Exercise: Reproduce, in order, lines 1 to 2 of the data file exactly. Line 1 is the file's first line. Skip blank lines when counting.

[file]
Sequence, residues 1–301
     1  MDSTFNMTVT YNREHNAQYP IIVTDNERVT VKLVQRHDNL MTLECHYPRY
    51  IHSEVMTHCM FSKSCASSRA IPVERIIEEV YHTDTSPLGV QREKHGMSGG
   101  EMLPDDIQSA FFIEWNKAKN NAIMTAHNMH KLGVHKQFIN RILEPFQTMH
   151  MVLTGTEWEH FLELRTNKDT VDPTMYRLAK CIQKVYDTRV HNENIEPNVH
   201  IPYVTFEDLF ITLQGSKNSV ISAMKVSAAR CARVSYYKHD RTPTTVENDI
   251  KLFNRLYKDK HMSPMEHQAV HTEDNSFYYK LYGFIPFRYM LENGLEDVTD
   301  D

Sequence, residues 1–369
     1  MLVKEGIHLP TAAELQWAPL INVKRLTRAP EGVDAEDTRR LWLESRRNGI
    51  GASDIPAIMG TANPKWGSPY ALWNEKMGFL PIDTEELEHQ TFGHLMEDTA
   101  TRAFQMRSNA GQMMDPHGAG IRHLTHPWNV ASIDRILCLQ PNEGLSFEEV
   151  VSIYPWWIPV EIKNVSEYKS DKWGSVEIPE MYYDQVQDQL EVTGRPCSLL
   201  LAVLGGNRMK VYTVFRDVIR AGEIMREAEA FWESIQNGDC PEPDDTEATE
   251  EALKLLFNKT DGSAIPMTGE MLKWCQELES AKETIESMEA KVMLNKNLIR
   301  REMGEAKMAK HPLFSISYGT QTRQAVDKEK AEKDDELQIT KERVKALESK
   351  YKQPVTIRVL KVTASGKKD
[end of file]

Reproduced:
Sequence, residues 1–301
     1  MDSTFNMTVT YNREHNAQYP IIVTDNERVT VKLVQRHDNL MTLECHYPRY